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The 'lost' James Bond movies of the '80s are like an alternate 007 universe
Everyone knows that Timothy Dalton only got two James Bond movies and that, after License to Kill in 1989, the Bond franchise took a six-year break before Pierce Brosnan took over the role in 1995's GoldenEye. But what one new book asks is: What if Dalton got more movies and those movies were totally different? The truth is, the plans for James Bond movies we never saw are, in some ways, even more thrilling than the movies that were actually released.
Bond expert Mark Edlitz's latest book, The Lost Adventures of James Bond, is a deep dive into all the aspects of Bond adventures that aren't quite in the canon of the big screen films or the original Ian Fleming novels. Instead, Edlitz's book gives us a glimpse of what can best be described as the Lost Sea Scrolls of 007; versions of scripts and story treatments that, for a variety of reasons, never became cinematic missions of the world's most famous fictional spy. But, if Timothy Dalton didn't even get a third movie, how was there a fourth Dalton-Bond in the works? What kind of topsy-turvy Bond universe did we almost live in?
"Timothy Dalton was a tremendous Bond, and a third film would have been an important element in defining his era and solidifying his legacy," Edlitz tells SYFY WIRE. "Bond producers were preparing to make another film with Dalton. However, external issues with the studio prevented that film from going forward."
But what were these movies even about? Well, it looks like one of Timothy Dalton's unmade Bond movies would have been a straight-up Bond origin story, kind of like the Batman Begins of 007. Before The Living Daylights was written, the 15th Bond movie was aimed to completely reveal the iconic spy's backstory. In a treatment written by long-time Bond screenwriter Richard Maibaum and producer Michael G. Wilson — and reproduced in Edlitz's new book — we learn the first few attempts at The Living Daylights were actually all about James Bond's background, and his first mission before the Sean Connery films.
Without giving away too much of Edlitz's book, let's just say this alternate version of Bond 15 would have started out with some hang gliding, and ended with James Bond's mentor — the original 007 — getting killed. In at least one version, the movie ends just before Bond gets his first assignment to take on Dr. No. In the book, Edlitz notes that a lot of the origin story concepts for Bond were eventually reused in other ways, in different films. "Bond is paired with a senior agent who shows him the ropes and teaches him how to be an effective secret agent. In that story, Bond goes to his ancestral home, meets his grandfather, and they go target practicing together. There are moments in Skyfall that echo those scenes."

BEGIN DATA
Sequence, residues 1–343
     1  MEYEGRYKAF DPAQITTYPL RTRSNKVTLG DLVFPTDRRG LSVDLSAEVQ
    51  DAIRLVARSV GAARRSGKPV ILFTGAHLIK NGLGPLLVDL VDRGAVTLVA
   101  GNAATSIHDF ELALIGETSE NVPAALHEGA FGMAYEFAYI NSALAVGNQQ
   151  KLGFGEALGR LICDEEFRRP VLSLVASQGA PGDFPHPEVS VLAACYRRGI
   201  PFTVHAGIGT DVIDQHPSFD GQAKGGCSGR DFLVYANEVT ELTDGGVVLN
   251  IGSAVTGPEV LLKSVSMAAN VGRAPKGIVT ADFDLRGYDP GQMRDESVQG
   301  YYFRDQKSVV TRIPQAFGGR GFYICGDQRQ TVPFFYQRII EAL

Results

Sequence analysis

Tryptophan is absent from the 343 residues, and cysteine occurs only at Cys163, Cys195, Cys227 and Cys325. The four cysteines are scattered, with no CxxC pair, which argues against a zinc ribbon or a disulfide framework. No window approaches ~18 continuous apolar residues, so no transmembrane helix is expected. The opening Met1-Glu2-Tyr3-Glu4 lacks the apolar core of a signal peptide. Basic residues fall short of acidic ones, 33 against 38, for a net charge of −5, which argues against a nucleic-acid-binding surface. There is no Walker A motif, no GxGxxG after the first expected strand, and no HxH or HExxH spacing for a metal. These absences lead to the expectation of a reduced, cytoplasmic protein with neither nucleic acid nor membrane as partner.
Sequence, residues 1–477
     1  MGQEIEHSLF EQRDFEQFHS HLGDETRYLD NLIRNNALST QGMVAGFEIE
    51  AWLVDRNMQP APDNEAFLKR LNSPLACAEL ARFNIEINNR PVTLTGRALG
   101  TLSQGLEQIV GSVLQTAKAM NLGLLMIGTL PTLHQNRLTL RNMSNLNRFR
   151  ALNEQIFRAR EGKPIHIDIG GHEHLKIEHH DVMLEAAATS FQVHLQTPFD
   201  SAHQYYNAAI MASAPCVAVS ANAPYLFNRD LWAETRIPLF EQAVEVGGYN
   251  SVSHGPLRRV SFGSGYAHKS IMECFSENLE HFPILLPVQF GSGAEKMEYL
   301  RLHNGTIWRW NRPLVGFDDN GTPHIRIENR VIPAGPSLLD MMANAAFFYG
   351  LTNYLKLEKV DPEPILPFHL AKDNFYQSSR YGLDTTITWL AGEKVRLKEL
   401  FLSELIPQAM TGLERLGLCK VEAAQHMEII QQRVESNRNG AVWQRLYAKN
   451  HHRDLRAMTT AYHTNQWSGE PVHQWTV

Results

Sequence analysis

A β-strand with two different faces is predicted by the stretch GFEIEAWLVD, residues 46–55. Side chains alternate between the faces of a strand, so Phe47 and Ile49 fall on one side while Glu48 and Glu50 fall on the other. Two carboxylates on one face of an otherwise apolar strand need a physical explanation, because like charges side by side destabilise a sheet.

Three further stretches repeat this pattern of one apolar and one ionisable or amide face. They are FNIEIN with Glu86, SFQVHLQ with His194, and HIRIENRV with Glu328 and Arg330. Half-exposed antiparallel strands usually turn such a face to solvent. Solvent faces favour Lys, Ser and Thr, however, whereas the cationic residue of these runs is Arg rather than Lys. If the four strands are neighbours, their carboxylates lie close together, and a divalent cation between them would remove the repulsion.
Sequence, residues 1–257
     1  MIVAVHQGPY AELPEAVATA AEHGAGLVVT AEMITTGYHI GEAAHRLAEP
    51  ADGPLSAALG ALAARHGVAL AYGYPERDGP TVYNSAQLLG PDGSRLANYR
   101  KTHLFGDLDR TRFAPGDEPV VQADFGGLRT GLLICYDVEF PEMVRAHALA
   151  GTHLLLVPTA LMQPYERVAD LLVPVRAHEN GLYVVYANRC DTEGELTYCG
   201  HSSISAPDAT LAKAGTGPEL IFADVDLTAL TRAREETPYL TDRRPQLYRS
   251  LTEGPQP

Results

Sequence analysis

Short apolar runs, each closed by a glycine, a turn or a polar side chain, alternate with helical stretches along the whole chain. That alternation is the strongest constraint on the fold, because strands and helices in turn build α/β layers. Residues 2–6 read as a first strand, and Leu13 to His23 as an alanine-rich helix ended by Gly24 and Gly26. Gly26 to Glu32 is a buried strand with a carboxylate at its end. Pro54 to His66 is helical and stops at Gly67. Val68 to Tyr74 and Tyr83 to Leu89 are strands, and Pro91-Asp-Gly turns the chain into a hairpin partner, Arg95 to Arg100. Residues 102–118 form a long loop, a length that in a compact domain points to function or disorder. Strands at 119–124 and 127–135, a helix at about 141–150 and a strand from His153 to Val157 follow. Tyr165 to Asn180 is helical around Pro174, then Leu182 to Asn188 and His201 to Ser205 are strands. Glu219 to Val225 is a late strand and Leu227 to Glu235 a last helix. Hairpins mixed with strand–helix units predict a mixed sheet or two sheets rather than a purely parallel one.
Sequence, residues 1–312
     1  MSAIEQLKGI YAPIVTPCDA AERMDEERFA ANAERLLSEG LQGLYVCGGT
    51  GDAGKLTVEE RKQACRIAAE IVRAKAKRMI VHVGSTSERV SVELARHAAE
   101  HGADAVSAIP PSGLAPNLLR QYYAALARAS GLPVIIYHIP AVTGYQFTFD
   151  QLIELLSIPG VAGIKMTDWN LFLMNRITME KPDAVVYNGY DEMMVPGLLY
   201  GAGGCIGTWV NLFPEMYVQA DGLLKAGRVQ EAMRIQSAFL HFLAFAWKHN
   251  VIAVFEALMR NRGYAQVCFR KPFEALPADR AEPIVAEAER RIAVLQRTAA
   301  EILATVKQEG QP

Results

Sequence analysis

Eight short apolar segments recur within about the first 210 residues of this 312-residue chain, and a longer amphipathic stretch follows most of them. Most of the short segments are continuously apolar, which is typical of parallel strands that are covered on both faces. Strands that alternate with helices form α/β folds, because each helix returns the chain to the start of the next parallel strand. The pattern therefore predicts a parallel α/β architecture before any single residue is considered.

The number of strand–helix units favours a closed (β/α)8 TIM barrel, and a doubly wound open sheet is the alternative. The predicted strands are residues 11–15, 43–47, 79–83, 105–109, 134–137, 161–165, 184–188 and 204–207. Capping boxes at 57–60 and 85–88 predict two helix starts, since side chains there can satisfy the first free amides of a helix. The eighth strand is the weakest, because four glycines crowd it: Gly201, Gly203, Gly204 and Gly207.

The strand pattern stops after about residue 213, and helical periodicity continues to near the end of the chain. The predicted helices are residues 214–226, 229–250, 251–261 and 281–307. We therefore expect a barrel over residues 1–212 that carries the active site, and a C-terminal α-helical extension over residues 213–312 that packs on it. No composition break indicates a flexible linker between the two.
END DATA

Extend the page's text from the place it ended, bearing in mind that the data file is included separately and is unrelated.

Another unmade Dalton project was a story treatment called Reunion in Death written by a make-up artist and producer named Richard Smith. This one begins with Bond shooting a rival spy in the very first scene in a Trump Tower-esque New York City hotel, but the vast majority of the movie would have eventually taken place in Japan, sort of like a low-key sequel to You Only Live Twice, complete with a reunion between Bond a descendant of the Japanese secret agent Tiger Tanaka. In the book, Edlitz suspects that the film treatment might have been rejected because the studio could have been nervous "setting a film almost entirely in Japan," but also points out that the violent and gritty treatment would have been great for Dalton's Bond and that Smith "wrote a spy thriller that attempts to reveal more qualities of Bond's character without undermining its appealing mystery."
Essentially, the more realistic and character-driven Bond stories we saw in all the Daniel Craig movies were being explored in the Dalton era, too. This is fairly obvious when you watch License to Kill now, since the entire movie is all about Bond going rogue to avenge an attack on CIA agent Felix Leiter. But what something like Reunion in Death seems to indicate is that the more violent, realistic direction of the Dalton Bond could have continued if there were more movies.
"Licence to Kill, Dalton's second Bond, was gritty and violent; audiences were not prepared for how it departed from the Bond formula," Edlitz explains. "For over 30 years Bond fans have been asking, 'Would Dalton's third movie be more like his first or his second? Or would the producers have tried something completely new and unexpected?' I tried to answer those questions and provide some closure to Bond fans who have been speculating about the answers for the past 30 years."
The treatments for the lost Dalton films, plus unmade versions of The Spy Who Loved Me Moonraker, Tomorrow Never Dies and more, can all be found in Edlitz's new book. And, if you've got any interest in the cartoon James Bond Jr. or, perhaps most interestingly, the various comic book incarnations of 007, this book will blow you away. "Bond's appearance in comic strips predates the first Bond film," Edlitz says. "There are more James Bond comics than there are Bond films, novels, and video games combined."
As James Bond himself once said in Goldfinger, the various revelations in The Lost Adventures of James Bond are simply put: "Shocking. Positively shocking."
The Lost Adventures of James Bond by Mark Edlitz is available from Amazon and other booksellers right now.